Magazine article The Spectator

Week of Agony

Magazine article The Spectator

Week of Agony

Article excerpt

The gossip columnist had me pinned behind a door. The questions kept coming, insistent and accusatory. The situation was becoming as sticky as a fudge sundae. Then a voice said, 'Petronella, what are you doing? Come out of there at once.' It was my mother. Who was the more terrifying, the gossip columnist or she? The answer was easy. She was.

It was the middle of my book launch for Father, Dear Father. Book launches are always hazardous events, especially if they are one's own. It is like asking for a massive vote of confidence from a rowdy public meeting. Often the public meeting is hungry and thirsty as well as rowdy and consequently hates your guts, the dinky wildebeest canapes from The Incomparable Wooster and the cunning little Australian plonk having run out three-quarters of the way through.

Yet things went alarmingly smoothly at first. Okay, so Robin Day groped my Auntie Lavinia - just joking, Robin - and those nice-looking teenage shop assistants from Papyrus Dreams, etc., got off with my dog - but otherwise it went swimmingly, thank you.

That was the problem. Everything was swimming. Suffering from pre-party nerves I had tanked up on some wine at 5 o'clock. By seven I could barely stand and was reclining, Recamier like, on a sofa. Indeed, it would have been better if the book had been called Look Back in Languor.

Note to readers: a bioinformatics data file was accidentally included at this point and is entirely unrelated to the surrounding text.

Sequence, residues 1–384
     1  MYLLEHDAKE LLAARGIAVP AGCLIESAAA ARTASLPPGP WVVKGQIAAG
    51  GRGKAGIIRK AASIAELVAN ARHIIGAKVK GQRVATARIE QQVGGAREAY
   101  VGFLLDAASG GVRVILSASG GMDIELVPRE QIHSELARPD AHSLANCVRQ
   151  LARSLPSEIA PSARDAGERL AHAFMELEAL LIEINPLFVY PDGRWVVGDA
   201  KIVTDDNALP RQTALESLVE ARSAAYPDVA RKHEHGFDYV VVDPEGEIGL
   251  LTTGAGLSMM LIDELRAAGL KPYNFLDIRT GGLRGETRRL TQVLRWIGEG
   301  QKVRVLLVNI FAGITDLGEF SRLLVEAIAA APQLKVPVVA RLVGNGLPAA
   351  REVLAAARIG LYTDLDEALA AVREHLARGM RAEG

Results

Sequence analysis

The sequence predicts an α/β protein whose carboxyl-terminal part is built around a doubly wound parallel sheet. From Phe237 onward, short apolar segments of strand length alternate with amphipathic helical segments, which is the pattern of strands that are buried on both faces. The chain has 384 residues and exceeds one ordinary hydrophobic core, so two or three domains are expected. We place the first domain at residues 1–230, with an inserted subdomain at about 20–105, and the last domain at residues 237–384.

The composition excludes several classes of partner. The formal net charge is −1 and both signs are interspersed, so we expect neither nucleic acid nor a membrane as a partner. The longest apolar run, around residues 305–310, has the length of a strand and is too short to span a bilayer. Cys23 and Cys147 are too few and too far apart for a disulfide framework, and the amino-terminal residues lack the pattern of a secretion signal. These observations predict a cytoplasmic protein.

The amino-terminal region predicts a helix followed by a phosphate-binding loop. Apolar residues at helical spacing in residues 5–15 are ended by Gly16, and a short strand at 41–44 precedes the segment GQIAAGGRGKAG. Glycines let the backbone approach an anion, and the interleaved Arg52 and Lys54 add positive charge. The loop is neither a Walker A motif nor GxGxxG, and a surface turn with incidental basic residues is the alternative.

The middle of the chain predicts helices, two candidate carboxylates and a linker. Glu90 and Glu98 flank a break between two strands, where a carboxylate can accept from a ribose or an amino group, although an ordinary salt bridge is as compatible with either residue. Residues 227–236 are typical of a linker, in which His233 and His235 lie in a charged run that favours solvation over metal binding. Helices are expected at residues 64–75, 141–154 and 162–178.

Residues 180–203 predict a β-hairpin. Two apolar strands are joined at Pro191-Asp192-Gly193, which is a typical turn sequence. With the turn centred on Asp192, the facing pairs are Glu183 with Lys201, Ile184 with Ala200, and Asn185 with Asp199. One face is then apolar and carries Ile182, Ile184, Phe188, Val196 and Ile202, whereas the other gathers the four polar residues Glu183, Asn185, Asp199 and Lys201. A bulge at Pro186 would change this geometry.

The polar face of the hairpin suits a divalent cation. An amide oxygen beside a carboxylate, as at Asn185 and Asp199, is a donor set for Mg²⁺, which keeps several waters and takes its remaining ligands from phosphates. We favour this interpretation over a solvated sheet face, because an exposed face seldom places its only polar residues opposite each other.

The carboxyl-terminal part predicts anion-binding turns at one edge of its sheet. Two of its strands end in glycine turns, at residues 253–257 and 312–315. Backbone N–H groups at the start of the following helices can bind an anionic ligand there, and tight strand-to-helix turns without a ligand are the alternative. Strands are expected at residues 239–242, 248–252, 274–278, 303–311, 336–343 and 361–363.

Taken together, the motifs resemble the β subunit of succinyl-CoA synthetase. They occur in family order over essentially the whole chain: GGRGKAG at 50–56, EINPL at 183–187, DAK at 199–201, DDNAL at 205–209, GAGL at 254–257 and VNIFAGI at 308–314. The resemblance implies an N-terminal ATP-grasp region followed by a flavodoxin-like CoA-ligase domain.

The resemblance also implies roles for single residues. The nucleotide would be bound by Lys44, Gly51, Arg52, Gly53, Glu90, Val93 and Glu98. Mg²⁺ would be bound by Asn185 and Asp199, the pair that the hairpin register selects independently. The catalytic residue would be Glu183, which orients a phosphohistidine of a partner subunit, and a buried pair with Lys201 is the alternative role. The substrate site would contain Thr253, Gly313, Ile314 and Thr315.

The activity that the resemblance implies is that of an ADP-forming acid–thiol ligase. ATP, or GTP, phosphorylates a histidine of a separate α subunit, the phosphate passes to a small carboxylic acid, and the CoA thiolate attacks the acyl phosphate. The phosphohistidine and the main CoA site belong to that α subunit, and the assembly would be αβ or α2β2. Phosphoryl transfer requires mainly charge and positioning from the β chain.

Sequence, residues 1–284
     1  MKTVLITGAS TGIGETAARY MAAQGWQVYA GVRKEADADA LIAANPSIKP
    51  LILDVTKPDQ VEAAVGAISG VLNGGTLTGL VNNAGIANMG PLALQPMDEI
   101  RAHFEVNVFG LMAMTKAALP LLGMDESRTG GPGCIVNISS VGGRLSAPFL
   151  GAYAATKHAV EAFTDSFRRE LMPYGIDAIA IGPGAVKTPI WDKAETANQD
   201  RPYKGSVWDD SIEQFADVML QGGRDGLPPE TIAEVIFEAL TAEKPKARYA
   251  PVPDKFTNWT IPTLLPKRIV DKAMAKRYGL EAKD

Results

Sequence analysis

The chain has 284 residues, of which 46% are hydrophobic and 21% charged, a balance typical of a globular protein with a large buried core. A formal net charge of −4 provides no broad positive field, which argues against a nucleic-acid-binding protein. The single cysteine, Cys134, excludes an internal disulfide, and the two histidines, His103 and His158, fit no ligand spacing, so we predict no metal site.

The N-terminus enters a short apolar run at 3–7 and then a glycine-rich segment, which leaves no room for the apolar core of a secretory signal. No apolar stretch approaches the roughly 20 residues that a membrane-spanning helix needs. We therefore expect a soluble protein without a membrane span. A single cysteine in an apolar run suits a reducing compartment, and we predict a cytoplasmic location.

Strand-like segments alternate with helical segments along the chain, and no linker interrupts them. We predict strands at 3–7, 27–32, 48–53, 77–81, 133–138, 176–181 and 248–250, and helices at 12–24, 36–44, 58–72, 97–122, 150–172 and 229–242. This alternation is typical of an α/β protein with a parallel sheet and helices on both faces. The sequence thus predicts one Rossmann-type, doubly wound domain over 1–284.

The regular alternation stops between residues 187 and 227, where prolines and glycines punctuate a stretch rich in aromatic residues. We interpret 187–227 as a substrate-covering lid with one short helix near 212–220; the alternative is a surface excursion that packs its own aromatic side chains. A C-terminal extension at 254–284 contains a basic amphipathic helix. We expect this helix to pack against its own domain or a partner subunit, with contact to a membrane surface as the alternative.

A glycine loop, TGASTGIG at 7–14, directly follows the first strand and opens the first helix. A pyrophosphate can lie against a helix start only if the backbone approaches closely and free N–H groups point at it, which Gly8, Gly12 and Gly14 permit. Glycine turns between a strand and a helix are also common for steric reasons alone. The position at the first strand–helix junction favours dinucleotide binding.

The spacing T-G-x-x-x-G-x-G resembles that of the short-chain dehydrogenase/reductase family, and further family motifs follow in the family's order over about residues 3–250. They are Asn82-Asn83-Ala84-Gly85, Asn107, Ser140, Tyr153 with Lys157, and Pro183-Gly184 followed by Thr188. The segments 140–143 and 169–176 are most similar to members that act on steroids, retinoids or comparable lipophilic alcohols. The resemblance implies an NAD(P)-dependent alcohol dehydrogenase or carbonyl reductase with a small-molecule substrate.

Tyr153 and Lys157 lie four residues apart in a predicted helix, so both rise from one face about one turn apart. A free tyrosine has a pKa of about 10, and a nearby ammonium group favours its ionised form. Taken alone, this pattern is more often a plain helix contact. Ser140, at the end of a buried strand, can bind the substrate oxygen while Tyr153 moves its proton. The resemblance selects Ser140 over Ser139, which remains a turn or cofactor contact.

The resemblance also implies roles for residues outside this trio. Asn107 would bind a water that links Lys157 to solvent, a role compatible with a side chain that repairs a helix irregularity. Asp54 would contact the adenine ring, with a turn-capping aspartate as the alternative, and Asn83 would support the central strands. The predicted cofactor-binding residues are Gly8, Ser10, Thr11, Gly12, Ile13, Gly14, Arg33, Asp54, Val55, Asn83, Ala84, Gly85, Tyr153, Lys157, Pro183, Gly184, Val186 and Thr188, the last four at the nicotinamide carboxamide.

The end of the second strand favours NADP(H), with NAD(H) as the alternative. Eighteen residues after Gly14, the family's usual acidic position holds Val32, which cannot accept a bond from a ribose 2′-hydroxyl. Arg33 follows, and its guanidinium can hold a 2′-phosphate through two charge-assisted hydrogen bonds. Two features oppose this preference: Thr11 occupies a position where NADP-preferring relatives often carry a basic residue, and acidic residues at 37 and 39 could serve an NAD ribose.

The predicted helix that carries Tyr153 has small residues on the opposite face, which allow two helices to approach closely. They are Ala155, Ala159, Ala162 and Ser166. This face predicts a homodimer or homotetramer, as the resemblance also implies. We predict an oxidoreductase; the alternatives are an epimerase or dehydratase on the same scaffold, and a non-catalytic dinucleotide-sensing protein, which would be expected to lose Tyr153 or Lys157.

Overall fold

This would have been all right if the guests had just talked among themselves and left me alone. But guests have an irritating habit of expecting the hostess to do things for them. Bloody inconsiderate that. Chiefly, they wanted me to inscribe their books. Inscribing books at a party is not like doing a book signing at Hatchards at 9.30 in the morning.

I mean it's fine at the beginning. One writes to so and so, with best wishes and or regards. End of story. But, after a few more drinks, one thinks that isn't really good enough. …

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